|Publication number||US5849027 A|
|Application number||US 08/697,957|
|Publication date||Dec 15, 1998|
|Filing date||Sep 4, 1996|
|Priority date||Sep 4, 1996|
|Also published as||DE69837222D1, EP1124613A1, EP1124613A4, EP1124613B1, US6187030, WO2000025866A1|
|Publication number||08697957, 697957, US 5849027 A, US 5849027A, US-A-5849027, US5849027 A, US5849027A|
|Inventors||Mark B. Gart, Claudio Cesati|
|Original Assignee||Mbg Technologies, Inc.|
|Export Citation||BiBTeX, EndNote, RefMan|
|Patent Citations (10), Referenced by (16), Classifications (6), Legal Events (8)|
|External Links: USPTO, USPTO Assignment, Espacenet|
This invention relates to a method and apparatus for delivering photodynamic therapy treatments to body parts and surfaces. More particularly, the invention relates to methods and apparatus for producing and delivering optical light energy in controlled frequency and intensity for theraputic treatment of various dermatological and internal diseases in a convenient manner and with a convenient delivery apparatus.
The medical community has long investigated the increased healing effects of the sun on dermatological diseases. The advent of modern medicine contiues this investigation and numerous research facilities are now documenting these healing effects. As most medical conditions require a unique light source the rush to implement these procedures has been impeded. It is also known that theraputic creams and ointments have enhanced effects when combined with light activation, but each disease and its photo theraputic cream or ointment may require a specific light source. The dedication of a light source to a specific treatment could require the unnecessary duplication of equipment and consume large areas of space just for accomodating the equipment. Physicians, hospitals and clinics might have the required space but presently lack the required funding for the duplicative required equipment. One solution to this problem is the use of one base unit with electomagnetic spectrum adapters which control, regulate and administer the correct exposure as directed by the attending physician.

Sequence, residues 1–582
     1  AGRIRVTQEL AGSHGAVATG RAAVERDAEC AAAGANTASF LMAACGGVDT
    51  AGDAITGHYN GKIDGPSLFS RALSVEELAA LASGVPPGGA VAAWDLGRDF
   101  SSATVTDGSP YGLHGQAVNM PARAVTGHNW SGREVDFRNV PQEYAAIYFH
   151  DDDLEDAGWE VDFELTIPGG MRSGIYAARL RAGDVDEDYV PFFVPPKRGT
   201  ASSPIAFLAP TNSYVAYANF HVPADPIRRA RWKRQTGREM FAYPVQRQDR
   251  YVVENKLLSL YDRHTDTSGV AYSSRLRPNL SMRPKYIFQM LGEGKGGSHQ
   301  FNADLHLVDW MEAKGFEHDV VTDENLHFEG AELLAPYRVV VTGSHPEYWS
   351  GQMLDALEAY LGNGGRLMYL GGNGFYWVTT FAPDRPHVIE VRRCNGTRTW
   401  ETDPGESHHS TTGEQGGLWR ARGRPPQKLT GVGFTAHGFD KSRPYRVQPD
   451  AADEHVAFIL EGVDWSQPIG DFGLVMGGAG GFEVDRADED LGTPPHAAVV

It has become known that some medications are more effective or only operative when activated by certain controlled light energy applications. Numerous drug companies are experimenting with the possibilities of medicines which can be activated by external light sources. Also, several Universities are researching the healing effects of various light frequencies on human tissue. All these programs require different frequencies within the electromagnetic spectum. It is apparent that there is a need for one device which can operate at many frequencies with suitable controls that will allow doctors, clinic and home treatment with theraputic light for the diseases and the types of medicants that can produce the desired treatments when properly combined.
Many medical suggestions have been made for using laser light to treat or control diseases; however, laser light sources are expensive to construct and control and the delivery of the benefits of laser light can become lost if the cost of delivery becomes prohibitive. The use of controlled noncoherent light for medical treatments at much less expense than laser light has introduced the need for a useful and reasonably inexpensive means for controlling and delivering light energy to an area where medical treatment is to be effected.
Theraputic lamp equipment is shown in U.S. Pat. No. 5,010,452, Krebser et al where an apparatus is disclosed for delivering polarized light for biostimulation. U.S. Pat. No. 5,441,531, Zarate et al discloses an apparatus for delivering photodynamic therapy light to a patient. United Kingdom application 2 272 278 of Colin Whitehurst discloses an incoherent or non-laser light source employing a high intensity lamp, filters and focusing means arranged to yield a light beam having a desired output intensity over a desired area and in a desired bandwidth. Each of these patents illustrates the need for generating preferred light energy in selected frequencies or bandwidths for the medical treatment of a patient.
Missing from these disclosures is an economical and convenient apparatus for controlling the intensity, power and frequencies of the light energy to be delivered and an economical and convenient apparatus for safely delivering and further controlling the light energy in directing and applying the light energy to the desired area on a patient to be treated.